WHAT other novelists refer to as research, Richard Price calls “hanging out”. Most often, this means spending time with police officers in and around New York, whose experience tends to have a direct bearing on the stories that Price chooses to tell. For the sake of specificity, he may also need to sit in on staff meetings with local restaurant managers and community outreach workers – as he did for his latest novel, Lush Life – or to participate in drug deals on dark corners of certain housing projects, if only as an observer.
THE first time that Sudhir Venkatesh witnessed a drive-by shooting, he remained upright while everyone around him dropped to the pavement. “I just stood there,” he says. “Like a tree.” Venkatesh is a tall man – a big target. He would have been even harder to miss back then, almost 20 years ago, when he was a hippyish middle-class sociology student with a long ponytail and a tie-dyed t-shirt, conducting field research in Chicago’s biggest, poorest housing project, the Robert Taylor Homes.
AT A shrine, in a forest, on a mountain in Japan, a flustered young woman tries to describe the mysterious appeal of Haruki Murakami. I have mentioned his name in bars, temples and beauty spots on my way across the country to interview him in Tokyo, and the reactions have been similar. Many young Japanese say that they know Murakami’s work well, especially his pop-romantic blockbuster Norwegian Wood, which they poetically refer to as “A Forest In Norway” even though it was expressly named after the Beatles song. They love his books, but there is something about them which they find difficult to articulate in English. Murakami makes people feel strange, and strange feelings must be the hardest to put into foreign words.
THERE is a portrait of Sir David Frost as a relatively young man hanging in the reception area outside his Kensington office. Frost would have been in his 30s when he sat for the artist John Bratby some time in the late 1960s or early 1970s. By then he was already a veteran of television, after a decade of hosting one popular show after another – That Was The Week That Was, The Frost Report, The Frost Programme – and his ubiquity probably appealed to Bratby, a so-called “kitchen sink” realist, best known for his pictures of everyday people and common household items (including kitchen sinks). In the painting, Frost seems more object than subject, his familiar face, suit, and cross-legged pose rendered mild, or even dull, by contrast to the bright surrounding colours. Which might say as much about the man and his life as the photographs on display elsewhere in the room, of Frost with Putin, Frost with Mandela, Frost walking and talking between Blair and Clinton on what looks like the White House lawn.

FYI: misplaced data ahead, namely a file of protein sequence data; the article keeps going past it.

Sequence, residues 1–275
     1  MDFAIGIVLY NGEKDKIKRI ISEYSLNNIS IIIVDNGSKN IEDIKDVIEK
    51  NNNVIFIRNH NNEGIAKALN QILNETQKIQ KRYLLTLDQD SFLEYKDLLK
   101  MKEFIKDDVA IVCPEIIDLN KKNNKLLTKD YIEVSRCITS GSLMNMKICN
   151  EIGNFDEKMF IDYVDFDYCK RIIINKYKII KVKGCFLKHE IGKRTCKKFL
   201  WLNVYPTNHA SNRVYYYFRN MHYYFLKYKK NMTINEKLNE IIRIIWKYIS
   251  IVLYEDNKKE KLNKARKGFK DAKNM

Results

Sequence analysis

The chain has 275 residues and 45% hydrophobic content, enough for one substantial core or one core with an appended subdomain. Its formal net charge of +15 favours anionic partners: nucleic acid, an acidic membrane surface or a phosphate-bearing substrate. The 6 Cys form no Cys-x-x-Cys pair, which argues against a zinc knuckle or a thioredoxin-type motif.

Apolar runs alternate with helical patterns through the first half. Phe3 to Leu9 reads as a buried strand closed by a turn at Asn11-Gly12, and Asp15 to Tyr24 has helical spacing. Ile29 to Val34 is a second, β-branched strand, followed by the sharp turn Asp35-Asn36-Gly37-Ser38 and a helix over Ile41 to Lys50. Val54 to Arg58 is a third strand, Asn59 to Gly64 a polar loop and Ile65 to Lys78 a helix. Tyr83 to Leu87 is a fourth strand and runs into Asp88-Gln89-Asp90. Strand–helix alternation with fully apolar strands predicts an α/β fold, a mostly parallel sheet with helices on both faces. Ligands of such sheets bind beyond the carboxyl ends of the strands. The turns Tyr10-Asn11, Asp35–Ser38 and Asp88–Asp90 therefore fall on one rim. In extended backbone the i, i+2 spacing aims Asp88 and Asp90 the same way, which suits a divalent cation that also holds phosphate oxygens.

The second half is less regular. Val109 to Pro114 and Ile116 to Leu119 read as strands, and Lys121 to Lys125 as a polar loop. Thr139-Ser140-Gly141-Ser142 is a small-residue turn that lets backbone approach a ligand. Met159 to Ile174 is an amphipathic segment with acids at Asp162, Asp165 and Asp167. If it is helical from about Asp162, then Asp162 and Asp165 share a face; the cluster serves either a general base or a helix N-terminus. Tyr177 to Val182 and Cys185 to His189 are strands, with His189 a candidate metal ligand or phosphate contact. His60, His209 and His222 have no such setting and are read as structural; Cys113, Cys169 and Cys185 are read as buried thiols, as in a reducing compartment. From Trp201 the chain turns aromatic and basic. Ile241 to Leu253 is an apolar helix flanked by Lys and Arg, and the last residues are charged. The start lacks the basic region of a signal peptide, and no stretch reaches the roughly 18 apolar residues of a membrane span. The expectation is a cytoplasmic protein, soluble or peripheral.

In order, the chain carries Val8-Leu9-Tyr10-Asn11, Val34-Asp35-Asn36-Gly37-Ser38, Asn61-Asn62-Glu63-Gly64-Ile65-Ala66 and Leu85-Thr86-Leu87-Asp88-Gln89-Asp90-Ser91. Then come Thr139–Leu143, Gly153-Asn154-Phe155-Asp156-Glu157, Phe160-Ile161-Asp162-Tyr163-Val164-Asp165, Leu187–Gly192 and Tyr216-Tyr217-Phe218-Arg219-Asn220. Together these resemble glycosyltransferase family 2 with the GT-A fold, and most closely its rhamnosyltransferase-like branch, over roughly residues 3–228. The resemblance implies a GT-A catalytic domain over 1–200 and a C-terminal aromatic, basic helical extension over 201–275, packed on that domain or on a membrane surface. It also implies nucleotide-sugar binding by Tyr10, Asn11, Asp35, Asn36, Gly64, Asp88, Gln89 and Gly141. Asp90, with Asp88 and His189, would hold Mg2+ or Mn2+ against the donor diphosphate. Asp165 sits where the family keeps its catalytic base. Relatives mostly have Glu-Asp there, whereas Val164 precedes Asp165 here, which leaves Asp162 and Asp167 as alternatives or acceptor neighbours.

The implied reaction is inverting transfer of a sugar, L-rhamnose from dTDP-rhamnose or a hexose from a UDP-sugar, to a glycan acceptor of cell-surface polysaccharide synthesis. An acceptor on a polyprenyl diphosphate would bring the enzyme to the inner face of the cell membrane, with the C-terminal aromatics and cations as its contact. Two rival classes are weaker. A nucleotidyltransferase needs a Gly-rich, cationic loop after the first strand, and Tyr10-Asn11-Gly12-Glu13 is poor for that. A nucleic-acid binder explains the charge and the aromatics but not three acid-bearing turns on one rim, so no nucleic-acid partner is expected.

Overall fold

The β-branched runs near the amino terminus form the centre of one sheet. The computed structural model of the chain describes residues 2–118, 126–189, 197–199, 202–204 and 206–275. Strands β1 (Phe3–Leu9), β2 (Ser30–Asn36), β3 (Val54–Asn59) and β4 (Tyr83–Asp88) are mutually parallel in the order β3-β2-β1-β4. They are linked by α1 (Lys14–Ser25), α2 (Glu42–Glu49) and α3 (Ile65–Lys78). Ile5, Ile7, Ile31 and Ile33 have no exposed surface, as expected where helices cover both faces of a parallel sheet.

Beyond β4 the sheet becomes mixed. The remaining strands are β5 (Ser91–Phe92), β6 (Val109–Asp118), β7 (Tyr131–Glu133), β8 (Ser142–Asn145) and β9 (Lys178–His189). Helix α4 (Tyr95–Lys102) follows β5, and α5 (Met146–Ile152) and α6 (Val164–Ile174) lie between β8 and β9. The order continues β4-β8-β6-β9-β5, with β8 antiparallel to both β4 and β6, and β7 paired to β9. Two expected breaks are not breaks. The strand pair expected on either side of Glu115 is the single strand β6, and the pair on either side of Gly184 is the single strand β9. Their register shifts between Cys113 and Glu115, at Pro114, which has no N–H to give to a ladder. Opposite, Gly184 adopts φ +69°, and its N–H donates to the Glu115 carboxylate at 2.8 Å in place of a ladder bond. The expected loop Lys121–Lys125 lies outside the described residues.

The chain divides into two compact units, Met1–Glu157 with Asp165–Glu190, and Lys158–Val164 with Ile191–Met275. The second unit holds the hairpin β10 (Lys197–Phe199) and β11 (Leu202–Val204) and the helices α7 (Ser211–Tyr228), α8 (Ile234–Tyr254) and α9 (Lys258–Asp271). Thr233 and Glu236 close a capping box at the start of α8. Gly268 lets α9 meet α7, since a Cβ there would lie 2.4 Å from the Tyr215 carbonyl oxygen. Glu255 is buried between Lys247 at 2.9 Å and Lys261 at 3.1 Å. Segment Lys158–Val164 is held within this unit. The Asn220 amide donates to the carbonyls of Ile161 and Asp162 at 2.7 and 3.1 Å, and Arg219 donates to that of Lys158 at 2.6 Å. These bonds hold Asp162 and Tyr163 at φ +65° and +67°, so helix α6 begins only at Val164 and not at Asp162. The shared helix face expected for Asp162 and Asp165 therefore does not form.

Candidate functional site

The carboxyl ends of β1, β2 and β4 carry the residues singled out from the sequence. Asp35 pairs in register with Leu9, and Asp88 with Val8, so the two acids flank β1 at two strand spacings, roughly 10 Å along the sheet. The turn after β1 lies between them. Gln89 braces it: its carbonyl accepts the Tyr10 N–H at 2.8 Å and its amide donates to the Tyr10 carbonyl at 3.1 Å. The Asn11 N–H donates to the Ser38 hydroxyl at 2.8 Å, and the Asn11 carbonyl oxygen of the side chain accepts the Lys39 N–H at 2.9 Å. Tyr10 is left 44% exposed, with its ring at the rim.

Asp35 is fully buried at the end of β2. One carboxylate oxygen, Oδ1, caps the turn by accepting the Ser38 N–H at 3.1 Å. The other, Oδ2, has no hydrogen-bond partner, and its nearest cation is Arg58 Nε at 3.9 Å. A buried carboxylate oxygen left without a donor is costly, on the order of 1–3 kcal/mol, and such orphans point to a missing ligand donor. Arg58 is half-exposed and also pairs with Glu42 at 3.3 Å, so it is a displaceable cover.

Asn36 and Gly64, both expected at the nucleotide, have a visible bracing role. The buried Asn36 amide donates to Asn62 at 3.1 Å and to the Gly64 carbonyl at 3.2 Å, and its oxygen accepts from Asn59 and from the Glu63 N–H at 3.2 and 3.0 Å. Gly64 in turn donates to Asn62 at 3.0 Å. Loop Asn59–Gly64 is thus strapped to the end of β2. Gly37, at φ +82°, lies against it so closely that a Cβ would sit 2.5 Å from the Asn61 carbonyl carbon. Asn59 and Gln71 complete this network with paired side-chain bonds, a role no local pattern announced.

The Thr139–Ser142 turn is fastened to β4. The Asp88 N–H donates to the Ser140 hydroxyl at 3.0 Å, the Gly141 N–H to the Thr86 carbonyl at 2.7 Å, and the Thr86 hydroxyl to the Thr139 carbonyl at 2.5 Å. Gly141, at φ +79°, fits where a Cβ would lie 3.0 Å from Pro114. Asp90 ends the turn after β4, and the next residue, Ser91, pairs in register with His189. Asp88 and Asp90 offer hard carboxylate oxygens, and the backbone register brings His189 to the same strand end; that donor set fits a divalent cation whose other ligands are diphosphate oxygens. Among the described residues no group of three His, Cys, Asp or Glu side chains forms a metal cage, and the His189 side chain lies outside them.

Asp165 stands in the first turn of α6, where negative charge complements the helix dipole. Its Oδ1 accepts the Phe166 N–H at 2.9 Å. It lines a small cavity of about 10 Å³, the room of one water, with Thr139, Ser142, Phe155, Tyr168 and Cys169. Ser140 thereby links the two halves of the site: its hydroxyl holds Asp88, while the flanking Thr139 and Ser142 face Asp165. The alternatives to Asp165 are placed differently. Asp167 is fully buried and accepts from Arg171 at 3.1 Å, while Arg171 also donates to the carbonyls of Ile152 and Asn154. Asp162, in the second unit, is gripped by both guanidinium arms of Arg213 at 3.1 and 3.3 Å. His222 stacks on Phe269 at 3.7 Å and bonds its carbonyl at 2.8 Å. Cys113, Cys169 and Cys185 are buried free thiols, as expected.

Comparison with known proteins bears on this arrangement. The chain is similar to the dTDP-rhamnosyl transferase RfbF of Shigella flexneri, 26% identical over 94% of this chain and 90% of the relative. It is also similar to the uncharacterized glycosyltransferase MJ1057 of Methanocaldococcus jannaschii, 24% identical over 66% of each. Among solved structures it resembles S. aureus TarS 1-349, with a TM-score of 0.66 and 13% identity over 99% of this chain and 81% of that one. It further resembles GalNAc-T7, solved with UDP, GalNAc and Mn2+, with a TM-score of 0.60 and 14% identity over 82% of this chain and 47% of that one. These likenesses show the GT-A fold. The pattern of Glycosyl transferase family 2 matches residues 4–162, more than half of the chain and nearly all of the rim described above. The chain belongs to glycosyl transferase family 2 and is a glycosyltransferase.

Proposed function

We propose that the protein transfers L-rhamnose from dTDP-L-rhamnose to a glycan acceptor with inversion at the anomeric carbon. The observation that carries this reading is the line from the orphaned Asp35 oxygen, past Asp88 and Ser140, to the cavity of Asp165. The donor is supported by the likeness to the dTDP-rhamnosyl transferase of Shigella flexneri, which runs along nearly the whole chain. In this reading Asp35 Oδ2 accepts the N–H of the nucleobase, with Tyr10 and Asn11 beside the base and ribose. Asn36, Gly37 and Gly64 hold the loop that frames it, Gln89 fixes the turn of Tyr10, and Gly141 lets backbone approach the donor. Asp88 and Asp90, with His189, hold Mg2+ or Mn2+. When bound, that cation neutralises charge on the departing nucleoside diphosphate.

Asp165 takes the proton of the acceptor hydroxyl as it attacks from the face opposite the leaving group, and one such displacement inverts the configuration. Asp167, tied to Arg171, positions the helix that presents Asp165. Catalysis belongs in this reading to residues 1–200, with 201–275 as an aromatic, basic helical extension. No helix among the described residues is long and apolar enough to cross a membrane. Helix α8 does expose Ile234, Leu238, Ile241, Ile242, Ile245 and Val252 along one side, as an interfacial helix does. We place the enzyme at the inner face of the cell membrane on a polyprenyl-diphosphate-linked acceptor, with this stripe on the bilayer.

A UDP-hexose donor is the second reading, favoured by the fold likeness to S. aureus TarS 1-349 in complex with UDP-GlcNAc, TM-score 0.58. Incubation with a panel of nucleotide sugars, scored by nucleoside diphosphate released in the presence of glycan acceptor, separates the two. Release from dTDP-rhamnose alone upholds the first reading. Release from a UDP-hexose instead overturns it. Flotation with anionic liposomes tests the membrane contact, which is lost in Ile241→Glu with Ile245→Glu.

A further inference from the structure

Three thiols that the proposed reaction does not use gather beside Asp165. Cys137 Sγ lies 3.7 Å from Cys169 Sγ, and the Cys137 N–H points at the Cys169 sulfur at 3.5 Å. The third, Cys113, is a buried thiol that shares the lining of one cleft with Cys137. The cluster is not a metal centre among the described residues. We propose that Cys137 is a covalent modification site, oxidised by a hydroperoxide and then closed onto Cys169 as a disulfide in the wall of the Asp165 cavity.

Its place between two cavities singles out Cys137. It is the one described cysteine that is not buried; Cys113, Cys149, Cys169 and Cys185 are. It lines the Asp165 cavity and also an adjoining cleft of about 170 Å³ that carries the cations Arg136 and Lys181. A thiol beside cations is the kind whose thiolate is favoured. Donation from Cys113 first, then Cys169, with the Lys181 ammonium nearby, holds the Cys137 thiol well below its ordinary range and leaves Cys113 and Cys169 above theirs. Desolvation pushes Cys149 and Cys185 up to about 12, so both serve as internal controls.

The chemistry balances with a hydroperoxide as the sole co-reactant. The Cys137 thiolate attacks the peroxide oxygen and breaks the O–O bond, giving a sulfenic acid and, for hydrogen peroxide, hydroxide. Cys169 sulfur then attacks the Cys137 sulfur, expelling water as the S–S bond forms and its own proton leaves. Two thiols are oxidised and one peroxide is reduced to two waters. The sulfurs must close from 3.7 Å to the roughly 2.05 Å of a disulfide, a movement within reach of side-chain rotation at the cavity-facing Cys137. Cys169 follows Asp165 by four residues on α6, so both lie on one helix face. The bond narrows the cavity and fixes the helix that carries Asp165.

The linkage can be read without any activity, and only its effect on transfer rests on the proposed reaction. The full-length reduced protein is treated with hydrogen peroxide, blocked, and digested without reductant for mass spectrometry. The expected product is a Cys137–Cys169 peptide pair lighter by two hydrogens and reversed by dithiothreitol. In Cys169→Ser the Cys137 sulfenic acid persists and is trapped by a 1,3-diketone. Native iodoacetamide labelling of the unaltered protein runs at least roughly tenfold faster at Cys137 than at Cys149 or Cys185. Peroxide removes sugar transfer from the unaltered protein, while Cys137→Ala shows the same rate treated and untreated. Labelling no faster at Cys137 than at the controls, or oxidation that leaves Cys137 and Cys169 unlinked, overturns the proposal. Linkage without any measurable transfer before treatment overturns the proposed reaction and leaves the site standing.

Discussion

IT has been written that Mogwai make music to tear down the stars, rip holes in the sky, shred audiences like scarecrows in the teeth of a gale. And so on. But the band do not hyperbolise themselves, unless they are being satirical. This afternoon in a Japanese hotel bar, bass player Dominic Aitchison looks out of the window towards mighty Mount Fuji, and promises to make that volcano explode tonight.
THE short life of New York’s World Trade Center began with one spectacular crime and ended with another. Philippe Petit can only speak for the first. “My story is a fairytale, ” he says at the start of Man On Wire, a new documentary about Petit’s illegal tightrope walk between Twin Towers on August 7, 1974. This film goes on to confirm that the thinking behind the act was infinitely simpler than the staging, but its meaning has never been agreed upon.
AS THE winner of this year’s Celebrity Big Brother, Mark ‘Bez’ Berry is now £50,000 richer. So far he hasn’t seen or spent any of it. Today he’s wearing a flashy, swollen pair of experimental Adidas moon-boots, but apparently they were a gift from the label itself. “Got them yesterday, ” says Bez proudly, over lunch in London’s obnoxiously on-trend Sanderson hotel. “They’re pretty bling, eh? I am fortunate enough to be in a position where people give me stuff for free.” Fortunate indeed, given that Bez has openly admitted that he was recently made bankrupt, because of “all sorts of massive fuckin’ problems”.
CHINESE literature is more drawn than written. In a language composed of characters, as opposed to letters, each word becomes a picture, and every sentence a montage. As Ang Lee has put it, in particular reference to the title of his new film Lust, Caution, “the shape itself means something”.
THERE is a fearsome song by Shellac called End Of Radio, which presents itself as the last piece of music on Earth. “This microphone turns sound into electricity,” sings frontman Steve Albini, if ‘singing’ is the right word for his vocal role as an imaginary disc jockey after some kind of apocalypse. “The last announcer plays the last record. The last watt leaves the transmitter and circles the globe in search of a listener. Is it really broadcasting if there is no-one there to receive?”
THE late Ray Bradbury once wrote a story called All Summer In A Day. It was set in a primary school on the planet Venus, where it’s been raining non-stop for seven years. The children are too young to remember the sun, except for one girl who has recently arrived from Earth, and feels its absence more acutely than they do. On the day it is due to come out again, if only for a couple of hours, the girl stands apart from the others, waiting for the sun and wanting to go home. The rest of the class hate her for that apartness. They lock her in a cupboard just before the clouds break, and then they all go out to play. Junot Diaz first read that story when he was about the same age as the kids in it.